Scottish Independence: Constitutional Implications Of The Referendum
HL 188, Eighth Report of Session 2013-14
- House of Lords - Select Committee on the Constitution
- TSO (The Stationery Office)
House of Lords paper 'Scottish Independence: Constitutional Implications Of The Referendum (HL 188)' concludes that, in the event of a 'yes' vote in the Scottish independence referendum, MPs for Scottish constituencies, including ministers, should retain their seats in the House of Commons until the day of independence itself. However, they should not negotiate for the rest of the UK on the terms of independence, scrutinise the UK's negotiating team nor ratify a resulting agreement, as their first duty would be to their Scottish constituents rather than the interests of the rest of the UK.
The Constitution Committee also says that the wider status of MPs for Scottish constituencies, in terms of their ability to take part in other Commons proceedings not relevant to Scotland, would have to be decided before the 2015 general election if there were a 'yes' vote on 18 September.
The Committee concludes that in the event of Scottish independence the remainder of the UK would be the 'continuator' state and so retain its current international status and treaty obligations, as well as UK institutions such as the BBC and the Bank of England. Scotland would become a new 'successor' state and would not have any automatic claim on those institutions.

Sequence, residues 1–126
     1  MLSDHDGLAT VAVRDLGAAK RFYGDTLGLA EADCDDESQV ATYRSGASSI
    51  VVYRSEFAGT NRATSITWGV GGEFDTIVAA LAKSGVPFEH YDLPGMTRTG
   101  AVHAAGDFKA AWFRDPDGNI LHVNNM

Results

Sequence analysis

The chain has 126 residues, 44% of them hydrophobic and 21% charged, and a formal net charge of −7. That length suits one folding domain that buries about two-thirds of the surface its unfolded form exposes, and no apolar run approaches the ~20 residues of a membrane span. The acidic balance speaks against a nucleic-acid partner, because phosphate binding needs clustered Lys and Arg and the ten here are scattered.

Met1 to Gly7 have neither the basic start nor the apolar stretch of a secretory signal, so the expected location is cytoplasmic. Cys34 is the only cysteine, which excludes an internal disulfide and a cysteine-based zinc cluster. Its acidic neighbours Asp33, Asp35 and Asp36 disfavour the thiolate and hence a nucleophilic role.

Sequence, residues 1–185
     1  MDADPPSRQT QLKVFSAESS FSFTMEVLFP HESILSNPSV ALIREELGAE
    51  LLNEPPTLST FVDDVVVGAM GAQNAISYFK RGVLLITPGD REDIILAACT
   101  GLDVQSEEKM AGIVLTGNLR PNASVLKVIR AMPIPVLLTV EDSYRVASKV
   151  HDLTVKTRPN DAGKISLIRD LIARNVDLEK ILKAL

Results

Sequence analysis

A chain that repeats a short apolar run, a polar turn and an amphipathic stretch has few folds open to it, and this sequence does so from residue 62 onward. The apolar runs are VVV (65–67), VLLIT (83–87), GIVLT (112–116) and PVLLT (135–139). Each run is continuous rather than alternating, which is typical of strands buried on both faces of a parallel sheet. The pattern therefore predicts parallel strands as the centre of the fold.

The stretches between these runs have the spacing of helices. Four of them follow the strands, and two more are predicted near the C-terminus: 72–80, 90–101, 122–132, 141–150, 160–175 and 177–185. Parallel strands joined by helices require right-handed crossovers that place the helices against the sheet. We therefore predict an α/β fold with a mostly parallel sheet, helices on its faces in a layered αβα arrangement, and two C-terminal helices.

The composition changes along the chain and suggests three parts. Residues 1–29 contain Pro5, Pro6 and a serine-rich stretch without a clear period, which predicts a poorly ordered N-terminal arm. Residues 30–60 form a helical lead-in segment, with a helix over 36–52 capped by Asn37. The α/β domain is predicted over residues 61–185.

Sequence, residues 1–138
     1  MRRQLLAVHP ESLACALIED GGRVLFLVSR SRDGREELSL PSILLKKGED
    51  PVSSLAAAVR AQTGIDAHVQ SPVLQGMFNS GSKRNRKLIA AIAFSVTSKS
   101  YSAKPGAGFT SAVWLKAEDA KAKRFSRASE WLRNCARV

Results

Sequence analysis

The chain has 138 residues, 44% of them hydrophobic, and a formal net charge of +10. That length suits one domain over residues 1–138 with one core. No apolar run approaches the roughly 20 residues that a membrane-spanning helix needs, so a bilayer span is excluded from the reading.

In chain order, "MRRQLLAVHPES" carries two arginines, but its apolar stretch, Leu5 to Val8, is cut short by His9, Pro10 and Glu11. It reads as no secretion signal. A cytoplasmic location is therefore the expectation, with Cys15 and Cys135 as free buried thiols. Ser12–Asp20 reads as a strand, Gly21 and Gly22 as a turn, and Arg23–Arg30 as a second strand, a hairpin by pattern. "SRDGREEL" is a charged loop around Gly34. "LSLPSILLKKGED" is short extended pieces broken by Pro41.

There would be no constitutional or legal requirement for the UK Government to adhere to the Scottish Government's proposed timetable for full independence by March 2016, and they should not do so if that would undermine the interests of the rest of the UK.
|Format||Paperback||Published||16 May 2014|
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